17. ‘To determine the extent of carbon dioxide’s contribution, researchers ran the data for carbon dioxide and each of the other variables in isolation through several computer models that mimic the plant growth observed in the satellite data.’

    Stopped reading at ‘computer models.’

    • “Why do “Greens” hate the color green?”

      If you look carefully at Figure 2(c) in the Nature Climate Change summary page (no charge to see the abstract and small images of a few of the paper’s figures) at the link provided above, you will notice that the authors have a bar chart showing the relative contributions to the greening. The authors chose the color green for CO2.
      :-)

  18. Funny how, whenever Climatists admit to something good about CO2 or (God help them), about the slight warming we’ve experienced since the LIA, it is a grudging one, replete with on-message Alarmist talking points.
    The backpedaling, grudging as it is though, continues. We Skeptics/Climate Realists can only watch in amusement as they slowly but surely come to what we’ve known all along: that CO2 is in fact, beneficial to us, and to all life.

  19. I thought one of the reasons we were all supposed to panic was because once we put the CO2 in the atmosphere, it stayed for decades or 100’s of years depending on who was trying to be most alarming. Now they’re admitting that plants can suck it all out almost immediately.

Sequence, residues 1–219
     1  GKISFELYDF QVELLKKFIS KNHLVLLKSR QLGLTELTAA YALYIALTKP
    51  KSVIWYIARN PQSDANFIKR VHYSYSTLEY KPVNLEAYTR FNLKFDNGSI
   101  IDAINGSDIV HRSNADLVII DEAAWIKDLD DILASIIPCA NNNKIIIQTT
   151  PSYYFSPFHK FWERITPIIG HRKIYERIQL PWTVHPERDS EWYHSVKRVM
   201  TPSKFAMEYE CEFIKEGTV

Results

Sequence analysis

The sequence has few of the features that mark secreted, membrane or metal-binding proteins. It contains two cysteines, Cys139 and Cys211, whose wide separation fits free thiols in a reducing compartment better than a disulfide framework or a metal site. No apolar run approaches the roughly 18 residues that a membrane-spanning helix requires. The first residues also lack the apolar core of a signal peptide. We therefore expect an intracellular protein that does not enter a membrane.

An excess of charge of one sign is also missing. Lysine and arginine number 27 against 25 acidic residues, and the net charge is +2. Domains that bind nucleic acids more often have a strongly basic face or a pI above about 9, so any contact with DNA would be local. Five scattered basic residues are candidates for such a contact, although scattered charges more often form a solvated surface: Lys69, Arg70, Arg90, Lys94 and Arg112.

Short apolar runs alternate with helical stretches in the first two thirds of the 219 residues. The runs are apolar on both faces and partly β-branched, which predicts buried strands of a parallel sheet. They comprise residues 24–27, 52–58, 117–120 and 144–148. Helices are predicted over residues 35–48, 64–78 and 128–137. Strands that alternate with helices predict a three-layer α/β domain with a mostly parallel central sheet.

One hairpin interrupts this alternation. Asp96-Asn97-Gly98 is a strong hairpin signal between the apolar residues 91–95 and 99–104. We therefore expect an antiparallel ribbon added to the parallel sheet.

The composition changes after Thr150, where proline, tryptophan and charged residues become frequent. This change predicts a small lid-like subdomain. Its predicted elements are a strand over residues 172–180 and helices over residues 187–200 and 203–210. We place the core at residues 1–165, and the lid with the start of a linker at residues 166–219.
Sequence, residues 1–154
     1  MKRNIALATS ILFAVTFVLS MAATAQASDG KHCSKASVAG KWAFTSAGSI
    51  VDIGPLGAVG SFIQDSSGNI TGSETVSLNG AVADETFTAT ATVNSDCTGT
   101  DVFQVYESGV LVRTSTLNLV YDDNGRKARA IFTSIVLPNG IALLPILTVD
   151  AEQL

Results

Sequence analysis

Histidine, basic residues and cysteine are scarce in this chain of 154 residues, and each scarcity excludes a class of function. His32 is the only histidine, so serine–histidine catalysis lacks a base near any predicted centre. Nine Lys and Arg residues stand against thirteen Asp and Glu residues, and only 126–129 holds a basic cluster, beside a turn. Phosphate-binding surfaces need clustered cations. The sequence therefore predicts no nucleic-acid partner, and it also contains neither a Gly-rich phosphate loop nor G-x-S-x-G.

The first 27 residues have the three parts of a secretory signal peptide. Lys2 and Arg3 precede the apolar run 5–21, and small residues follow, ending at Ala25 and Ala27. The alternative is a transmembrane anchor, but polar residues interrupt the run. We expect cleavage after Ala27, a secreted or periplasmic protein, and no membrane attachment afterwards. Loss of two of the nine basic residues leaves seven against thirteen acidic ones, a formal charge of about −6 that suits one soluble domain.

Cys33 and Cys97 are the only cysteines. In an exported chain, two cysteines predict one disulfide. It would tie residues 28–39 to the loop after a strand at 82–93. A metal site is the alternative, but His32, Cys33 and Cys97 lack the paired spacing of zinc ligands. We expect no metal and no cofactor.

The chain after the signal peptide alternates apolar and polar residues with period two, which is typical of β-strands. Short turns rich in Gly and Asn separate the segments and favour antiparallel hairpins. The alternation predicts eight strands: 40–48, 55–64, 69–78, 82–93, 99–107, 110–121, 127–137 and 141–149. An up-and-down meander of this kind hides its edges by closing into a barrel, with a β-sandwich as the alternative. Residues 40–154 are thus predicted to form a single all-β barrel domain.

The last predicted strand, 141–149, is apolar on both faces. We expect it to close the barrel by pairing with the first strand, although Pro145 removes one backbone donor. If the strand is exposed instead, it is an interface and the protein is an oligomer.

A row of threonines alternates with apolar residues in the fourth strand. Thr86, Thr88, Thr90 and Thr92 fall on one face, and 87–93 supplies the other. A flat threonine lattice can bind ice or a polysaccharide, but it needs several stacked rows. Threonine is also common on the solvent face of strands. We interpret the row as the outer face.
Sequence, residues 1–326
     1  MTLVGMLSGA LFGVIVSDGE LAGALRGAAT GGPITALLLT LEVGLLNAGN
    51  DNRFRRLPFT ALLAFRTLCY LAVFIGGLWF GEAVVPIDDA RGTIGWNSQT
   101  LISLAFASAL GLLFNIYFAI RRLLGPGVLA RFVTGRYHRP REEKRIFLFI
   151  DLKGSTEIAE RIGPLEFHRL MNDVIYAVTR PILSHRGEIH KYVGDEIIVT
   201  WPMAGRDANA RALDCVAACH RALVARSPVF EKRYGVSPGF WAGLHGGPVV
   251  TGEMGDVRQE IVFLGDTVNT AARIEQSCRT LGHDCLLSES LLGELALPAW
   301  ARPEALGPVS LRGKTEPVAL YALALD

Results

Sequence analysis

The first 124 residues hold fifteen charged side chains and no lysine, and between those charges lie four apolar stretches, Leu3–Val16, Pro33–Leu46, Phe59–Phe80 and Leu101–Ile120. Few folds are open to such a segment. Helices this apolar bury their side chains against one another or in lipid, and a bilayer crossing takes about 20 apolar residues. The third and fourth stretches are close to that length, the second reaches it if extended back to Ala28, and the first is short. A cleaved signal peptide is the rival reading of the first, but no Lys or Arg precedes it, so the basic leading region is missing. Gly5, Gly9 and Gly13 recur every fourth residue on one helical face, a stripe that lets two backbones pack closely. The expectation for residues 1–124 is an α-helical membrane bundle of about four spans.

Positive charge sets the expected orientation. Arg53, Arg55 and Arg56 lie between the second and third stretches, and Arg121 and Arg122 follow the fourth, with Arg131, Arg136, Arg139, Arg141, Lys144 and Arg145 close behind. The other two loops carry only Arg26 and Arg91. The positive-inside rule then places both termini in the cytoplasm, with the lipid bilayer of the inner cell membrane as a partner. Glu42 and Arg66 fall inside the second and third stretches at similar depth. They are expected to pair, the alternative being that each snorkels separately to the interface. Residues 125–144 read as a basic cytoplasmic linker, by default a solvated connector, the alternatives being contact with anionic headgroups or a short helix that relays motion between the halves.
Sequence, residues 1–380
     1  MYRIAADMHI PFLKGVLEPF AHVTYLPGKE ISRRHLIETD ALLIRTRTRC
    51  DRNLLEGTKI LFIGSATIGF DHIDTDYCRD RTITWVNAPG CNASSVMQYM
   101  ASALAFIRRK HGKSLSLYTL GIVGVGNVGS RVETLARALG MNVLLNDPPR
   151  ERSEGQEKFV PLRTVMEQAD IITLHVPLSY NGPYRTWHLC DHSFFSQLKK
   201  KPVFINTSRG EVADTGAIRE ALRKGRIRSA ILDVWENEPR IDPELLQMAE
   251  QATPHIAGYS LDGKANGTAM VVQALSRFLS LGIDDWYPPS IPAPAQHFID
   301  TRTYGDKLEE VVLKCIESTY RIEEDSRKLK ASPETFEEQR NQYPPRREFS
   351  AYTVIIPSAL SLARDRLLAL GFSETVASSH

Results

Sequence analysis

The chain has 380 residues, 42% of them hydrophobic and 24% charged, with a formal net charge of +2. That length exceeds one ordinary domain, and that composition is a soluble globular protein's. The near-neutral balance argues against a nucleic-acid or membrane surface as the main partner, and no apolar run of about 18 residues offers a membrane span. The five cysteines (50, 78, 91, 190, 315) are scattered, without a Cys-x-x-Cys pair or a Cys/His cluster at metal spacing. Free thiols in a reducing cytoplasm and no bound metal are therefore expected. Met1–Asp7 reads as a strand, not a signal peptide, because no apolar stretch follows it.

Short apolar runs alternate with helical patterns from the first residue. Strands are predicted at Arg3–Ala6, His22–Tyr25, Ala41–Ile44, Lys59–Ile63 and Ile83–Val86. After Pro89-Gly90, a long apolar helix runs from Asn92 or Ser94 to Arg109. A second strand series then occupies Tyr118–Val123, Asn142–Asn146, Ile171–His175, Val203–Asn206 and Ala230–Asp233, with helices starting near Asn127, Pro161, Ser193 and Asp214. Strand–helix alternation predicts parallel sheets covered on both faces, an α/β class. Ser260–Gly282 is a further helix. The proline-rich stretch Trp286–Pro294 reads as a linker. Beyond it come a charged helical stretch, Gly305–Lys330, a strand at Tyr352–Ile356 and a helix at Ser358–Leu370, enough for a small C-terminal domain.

20. Seth Borenstein and George Monbiot will both find a ways to sell this obvious science as a gloom and doom affair. I have a morbid curiosity about how they will spin it. Plants are bad?

      • Wait’ll plants get the vote. I’m already seeking coccolithophore support; they don’t know it yet, but I’ve already infiltrated their inner policy councils.
        ========================

      • Oh I remember that, Bob. Something about the new growth being all weeds or something. Or weeds are growing too, like nature has to be controlled and weeds are “bad” and we’re all going to starve to death in a weed-infested world. Amazing.